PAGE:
Typically, the first step was a triage process. Each holding would be quickly analyzed to determine if it held too much potential downside risk or if it had outsized exposure to a particularly problematic area. In the current environment, for example, that might mean travel-related stocks. These were generally the first ones to be trimmed or sold outright. Even in the case of quality companies, if they were judged to be directly in the crosshairs of enormous selling pressure, it just wouldn’t be worth it to hold them. They could always be repurchased at a later point, but at that moment, their risk/reward profile wasn’t compelling enough to own them, or at least to own a full position.
Next, managers and analysts dug in and scrutinized all portfolio holdings. This process usually included calls with company management, conversations with external analysts who cover that sector, and a close re-examination of financial statements with an eye on balance sheet strength and cash flow. Conversations with other investors, either within the same firm or outside contacts, could also offer valuable insights and perspectives. The goal was to either revalidate the original investment thesis or conclude that the company’s fundamental case was no longer attractive.
There can be a temptation at this stage to revise the original thesis to reflect the new facts on the ground (e.g., from a turnaround story to a hidden asset story). It’s very important not to rationalize holding a position by merely changing the reason you own it. Discussions among team members can help keep investors intellectually honest. So can referring back to the original (hopefully written) thesis for buying the stock in the first place and candidly assessing whether that holding would be a compelling candidate for purchase if it weren’t already owned.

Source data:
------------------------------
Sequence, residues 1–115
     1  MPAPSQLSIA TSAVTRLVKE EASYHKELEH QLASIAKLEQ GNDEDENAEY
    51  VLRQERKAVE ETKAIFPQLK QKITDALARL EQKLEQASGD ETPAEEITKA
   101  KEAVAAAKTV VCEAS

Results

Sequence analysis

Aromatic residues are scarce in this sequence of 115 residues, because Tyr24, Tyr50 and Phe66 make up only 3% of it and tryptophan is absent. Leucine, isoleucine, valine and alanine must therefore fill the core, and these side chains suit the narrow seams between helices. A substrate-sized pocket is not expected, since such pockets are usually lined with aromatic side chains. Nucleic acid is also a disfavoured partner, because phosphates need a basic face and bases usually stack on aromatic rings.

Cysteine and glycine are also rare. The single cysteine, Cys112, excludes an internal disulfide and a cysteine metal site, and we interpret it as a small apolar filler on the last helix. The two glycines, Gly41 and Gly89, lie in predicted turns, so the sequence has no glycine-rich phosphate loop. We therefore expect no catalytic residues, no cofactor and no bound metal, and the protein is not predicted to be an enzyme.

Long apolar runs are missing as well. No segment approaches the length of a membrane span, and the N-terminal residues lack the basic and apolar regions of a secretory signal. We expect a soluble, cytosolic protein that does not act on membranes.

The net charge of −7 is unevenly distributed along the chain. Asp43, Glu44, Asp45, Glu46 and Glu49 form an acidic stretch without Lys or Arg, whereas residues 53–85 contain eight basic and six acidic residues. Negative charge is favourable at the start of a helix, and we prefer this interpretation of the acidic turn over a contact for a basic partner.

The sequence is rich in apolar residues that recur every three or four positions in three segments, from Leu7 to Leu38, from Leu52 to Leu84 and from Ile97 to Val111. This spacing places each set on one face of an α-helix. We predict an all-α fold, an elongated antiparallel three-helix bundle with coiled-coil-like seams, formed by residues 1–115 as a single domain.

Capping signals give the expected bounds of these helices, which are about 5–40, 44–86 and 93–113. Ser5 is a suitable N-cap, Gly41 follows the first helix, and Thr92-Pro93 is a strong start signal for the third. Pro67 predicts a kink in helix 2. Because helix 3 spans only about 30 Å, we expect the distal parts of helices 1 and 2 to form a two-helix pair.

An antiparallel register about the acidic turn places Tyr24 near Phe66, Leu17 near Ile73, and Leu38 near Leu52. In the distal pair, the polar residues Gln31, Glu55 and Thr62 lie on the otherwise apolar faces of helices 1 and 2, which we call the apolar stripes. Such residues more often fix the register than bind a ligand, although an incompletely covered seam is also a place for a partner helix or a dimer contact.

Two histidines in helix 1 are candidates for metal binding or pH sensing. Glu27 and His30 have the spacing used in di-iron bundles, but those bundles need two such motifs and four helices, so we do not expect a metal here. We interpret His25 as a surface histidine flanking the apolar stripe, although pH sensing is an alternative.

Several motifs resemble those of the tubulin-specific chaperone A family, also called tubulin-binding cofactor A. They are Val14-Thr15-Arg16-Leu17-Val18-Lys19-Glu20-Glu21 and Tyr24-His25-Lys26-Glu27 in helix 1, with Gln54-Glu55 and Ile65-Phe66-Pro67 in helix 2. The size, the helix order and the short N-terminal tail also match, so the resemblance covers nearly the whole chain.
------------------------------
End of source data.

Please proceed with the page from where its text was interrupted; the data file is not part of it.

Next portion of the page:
As weaker and lower-conviction names got pushed out of the portfolio, the team would also look for new buy ideas to replace them. Typically, they would maintain a watch list or wish list of companies whose fundamentals were judged to be attractive but whose valuations were previously deemed too high. Sudden market declines, especially when the selling is widespread and indiscriminate, can present rare opportunities to buy such high-quality companies whose stocks often trade at a premium. When nearly everything in the market has sold off precipitously, good companies along with mediocre or poor ones, valuation differentials often shrink and allow managers to upgrade their portfolios without overpaying or violating their investment disciplines (particularly for value managers). These upgrades can help drive better portfolio performance when markets normalize.
A key point to take away is that heightened market volatility doesn’t necessarily mean that portfolio managers will (or should) suddenly start trading more frequently. Much of the vital work that they do involves reassessing their current holdings and looking for potential new ones. This may not lead to a noticeable pickup in portfolio activity, but be aware that there is a lot going on behind the scenes.
Every portfolio holding represents a decision to initially buy it and many subsequent decisions to continue holding it. Company fundamentals tend to change much less frequently than stock prices, and portfolio activity usually reflects this.
Trading just for the sake of trading is generally counterproductive and a distraction.